"Two of the tastiest Quinoa recipes in the world. You have got to try them!"
Quinoa has to be our favorite cooked food. Although you cook quinoa just like rice, it is actually in the fruit family. Quinoa is easily digested, the least mucus-forming of all grains and requires little cooking time, about 35 minutes. Quinoa is the food that is most like mother’s milk in nutritional properties. A cup of cooked quinoa is equivalent to a quart of milk in calcium. This is also a more digestible form of calcium. It is about 6% higher in protein than wheat, barley, corn and rice. The quality of this protein is what makes quinoa so exciting. All essential amino acids are present and are considered to be in perfect balance. Quinoa is high in lysine, an essential amino acid that is scarce in the plant kingdom. It is also high in essential sulfur-bearing amino acids, methionine and cystine. Quinoa is an excellent source of phosphorus, vitamin E, several B complex vitamins and iron. Its low gluten content is a disadvantage when trying to make bread.
You can find organic quinoa at your local health food store. It is only starting to be introduced into mainline supermarkets. Look for a plump, clean, light ivory-colored grain. Once you find a good source of quality quinoa, it will be well worth your time and money, and may become your favorite grain. The darker brown quinoa is grown in California and does not seem to have the quality of flavor as the lighter colored quinoa. Some lower-priced quinoa will have the presence of a brown, powdery residue. Rinse thoroughly before cooking because this saponin powder has a bitter, soapy flavor, and gives the quinoa a sticky texture.
There are three different varieties of quinoa that vary in flavor, texture and color. The highest quality quinoa is called Altiplano which is the purest strain and is grown in Bolivia and Peru, 12,500 feet above sea level. The result is a sweet, delicate ivory seed that is more expensive but well worth the cost. The second grade is called Valley variety which is also mountain-raised, but at 7,000 to 10,000 feet above sea level. This variety is commonly grown in Peru, Ecuador and Columbia. The quality of Valley variety is not as good as Altiplano because farming methods can often be primitive. The lower altitude results in a more yellow color and is 50 to 60 cents cheaper. The lowest grade quinoa is called Sea Level, describing where it is grown. This results in brownish-colored seeds and tends to be bitterer than mountain-grown quinoa. It may be half the price of high quality quinoa, but the savings are not worth the loss in taste. Always store quinoa in the refrigerator because of its high oil content.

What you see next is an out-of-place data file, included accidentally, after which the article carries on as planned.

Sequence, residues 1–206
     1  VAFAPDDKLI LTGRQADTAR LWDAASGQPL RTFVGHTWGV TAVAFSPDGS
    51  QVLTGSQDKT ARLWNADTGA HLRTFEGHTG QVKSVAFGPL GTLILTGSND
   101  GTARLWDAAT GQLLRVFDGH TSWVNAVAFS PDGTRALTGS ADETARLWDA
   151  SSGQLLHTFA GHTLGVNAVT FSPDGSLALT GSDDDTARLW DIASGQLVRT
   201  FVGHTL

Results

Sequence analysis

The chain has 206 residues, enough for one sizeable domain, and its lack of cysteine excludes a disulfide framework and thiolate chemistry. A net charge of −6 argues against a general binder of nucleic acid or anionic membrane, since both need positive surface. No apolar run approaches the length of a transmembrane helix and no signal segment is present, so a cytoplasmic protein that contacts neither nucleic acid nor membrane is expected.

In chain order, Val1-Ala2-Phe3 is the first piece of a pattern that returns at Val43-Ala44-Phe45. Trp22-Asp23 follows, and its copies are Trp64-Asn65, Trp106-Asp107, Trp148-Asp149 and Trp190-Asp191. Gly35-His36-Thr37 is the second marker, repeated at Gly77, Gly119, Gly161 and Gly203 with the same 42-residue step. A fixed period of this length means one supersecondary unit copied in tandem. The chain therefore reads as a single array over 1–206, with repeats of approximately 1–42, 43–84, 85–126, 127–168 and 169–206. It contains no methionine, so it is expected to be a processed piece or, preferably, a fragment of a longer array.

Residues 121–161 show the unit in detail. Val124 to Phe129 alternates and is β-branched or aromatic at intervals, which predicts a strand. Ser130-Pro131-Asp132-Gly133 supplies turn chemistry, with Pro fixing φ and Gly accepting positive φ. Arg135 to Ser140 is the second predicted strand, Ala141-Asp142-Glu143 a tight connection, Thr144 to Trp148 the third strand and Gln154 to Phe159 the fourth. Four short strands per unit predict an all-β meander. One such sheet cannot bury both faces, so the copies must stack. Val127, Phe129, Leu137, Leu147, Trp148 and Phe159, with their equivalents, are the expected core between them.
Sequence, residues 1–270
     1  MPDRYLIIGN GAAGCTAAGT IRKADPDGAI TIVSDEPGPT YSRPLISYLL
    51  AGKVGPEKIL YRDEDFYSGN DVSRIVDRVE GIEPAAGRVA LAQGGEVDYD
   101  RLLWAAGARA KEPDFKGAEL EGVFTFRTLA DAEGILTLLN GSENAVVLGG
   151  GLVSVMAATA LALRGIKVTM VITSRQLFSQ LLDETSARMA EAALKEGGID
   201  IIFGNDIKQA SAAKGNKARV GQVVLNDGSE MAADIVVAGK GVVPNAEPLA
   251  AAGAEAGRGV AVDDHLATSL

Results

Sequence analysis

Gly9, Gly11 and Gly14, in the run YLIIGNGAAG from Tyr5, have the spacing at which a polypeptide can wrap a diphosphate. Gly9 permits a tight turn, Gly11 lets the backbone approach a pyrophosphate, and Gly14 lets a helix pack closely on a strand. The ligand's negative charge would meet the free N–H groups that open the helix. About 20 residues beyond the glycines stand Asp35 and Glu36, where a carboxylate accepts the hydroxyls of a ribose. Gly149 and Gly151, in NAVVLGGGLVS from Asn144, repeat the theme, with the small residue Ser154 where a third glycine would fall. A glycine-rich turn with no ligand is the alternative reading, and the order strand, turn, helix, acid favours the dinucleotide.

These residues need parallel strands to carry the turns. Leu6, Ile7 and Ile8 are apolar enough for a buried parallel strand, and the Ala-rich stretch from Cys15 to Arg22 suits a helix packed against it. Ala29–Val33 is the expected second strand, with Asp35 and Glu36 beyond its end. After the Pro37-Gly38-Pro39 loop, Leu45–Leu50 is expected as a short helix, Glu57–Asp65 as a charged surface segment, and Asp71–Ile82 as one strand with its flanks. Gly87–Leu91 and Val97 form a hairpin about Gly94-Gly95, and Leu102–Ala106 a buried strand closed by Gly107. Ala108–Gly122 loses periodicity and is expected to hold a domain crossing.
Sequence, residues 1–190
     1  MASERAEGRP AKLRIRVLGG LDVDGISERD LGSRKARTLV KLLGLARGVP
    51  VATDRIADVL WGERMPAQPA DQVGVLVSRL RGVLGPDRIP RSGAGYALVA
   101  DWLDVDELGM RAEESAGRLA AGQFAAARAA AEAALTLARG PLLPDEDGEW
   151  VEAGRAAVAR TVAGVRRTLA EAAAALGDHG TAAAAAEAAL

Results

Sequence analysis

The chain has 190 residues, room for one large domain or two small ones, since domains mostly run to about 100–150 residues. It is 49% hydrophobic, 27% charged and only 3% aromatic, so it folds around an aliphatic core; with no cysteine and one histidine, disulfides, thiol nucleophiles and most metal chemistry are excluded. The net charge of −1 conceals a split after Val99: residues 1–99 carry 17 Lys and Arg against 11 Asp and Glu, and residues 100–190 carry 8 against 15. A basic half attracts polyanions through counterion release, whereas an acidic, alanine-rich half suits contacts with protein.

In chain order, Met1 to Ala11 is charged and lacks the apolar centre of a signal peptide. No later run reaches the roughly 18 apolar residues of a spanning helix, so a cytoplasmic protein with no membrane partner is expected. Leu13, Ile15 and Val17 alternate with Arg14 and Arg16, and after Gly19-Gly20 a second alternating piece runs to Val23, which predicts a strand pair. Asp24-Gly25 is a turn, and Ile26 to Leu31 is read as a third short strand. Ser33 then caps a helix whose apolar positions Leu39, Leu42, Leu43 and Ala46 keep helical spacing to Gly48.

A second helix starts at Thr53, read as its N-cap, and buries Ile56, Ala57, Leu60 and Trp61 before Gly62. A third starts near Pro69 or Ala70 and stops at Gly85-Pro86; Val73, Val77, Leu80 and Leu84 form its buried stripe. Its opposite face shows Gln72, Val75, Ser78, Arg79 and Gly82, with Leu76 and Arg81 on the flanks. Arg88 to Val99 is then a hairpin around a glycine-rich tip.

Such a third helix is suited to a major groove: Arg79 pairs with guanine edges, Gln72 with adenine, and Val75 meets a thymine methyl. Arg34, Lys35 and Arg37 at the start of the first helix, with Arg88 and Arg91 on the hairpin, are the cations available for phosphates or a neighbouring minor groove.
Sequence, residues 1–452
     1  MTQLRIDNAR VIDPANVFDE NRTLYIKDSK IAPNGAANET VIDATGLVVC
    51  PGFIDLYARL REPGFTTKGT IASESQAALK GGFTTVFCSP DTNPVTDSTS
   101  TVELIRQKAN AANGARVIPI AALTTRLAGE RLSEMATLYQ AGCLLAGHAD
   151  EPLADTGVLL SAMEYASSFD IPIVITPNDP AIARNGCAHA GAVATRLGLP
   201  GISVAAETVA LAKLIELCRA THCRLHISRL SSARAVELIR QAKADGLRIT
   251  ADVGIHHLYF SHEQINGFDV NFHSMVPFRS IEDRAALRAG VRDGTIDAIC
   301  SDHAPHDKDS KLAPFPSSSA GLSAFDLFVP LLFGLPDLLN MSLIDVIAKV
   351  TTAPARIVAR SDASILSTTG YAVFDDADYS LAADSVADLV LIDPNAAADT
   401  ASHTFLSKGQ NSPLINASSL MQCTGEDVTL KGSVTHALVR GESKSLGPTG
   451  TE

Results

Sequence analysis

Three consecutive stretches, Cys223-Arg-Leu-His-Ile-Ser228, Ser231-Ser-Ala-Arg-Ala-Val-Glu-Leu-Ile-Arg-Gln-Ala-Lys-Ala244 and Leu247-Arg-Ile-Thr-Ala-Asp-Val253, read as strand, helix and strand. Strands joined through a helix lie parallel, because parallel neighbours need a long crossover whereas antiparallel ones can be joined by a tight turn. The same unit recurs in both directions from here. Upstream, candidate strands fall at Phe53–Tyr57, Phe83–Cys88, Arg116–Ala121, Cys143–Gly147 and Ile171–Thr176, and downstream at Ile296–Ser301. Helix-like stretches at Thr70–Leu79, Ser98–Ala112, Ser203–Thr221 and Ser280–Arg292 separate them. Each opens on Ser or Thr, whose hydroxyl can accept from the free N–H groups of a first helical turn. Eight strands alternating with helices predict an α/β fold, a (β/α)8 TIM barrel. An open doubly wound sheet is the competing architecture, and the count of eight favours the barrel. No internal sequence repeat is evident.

This is a perfect recipe as a first introduction to healthy eating even for the hardcore junk food addict. It’s simply tastes scrumptious. Stacy and I enjoy watching suspicion melt into surprise, wow this is really good! And the Mc-numbed taste buds of kids seem to easily except this savory treat. Best not to tell them how nutritious Quinoa is until after they have had their first bite.
4 med. yellow onions, chopped
1 large red pepper, chopped
3 garlic cloves, minced
½ tsp. of sea salt
2 tablespoons olive oil
2 cups of rinsed Quinoa
4 cups of water
2 vegetarian soup stock cubes
Add finely chopped onions, minced garlic, and salt to olive oil in wok and sauté until onions are slightly brown. Then add chopped red pepper and continue to sauté until onions are caramelized. Add water, stock cubes and rinsed quinoa and bring to a simmer. Stir once after five minutes then simmer for 35 minutes or until water has been cooked in.
Tip: Try laying about a cup of hot quinoa on a bed of spring mix salad, then pour Yeast Feast Flax Dressing over the top. Is it just me, or is this not the best tasting, guiltless thing you have ever put into your mouth!
Quinoa Fun Fruit Dessert
1 cup quinoa
4 or 5 chopped dates
2 cups grape juice
1/2 cup of raisins
Cook mixture together. Serve hot or cold. Sliced frozen banana can be added just before serving.
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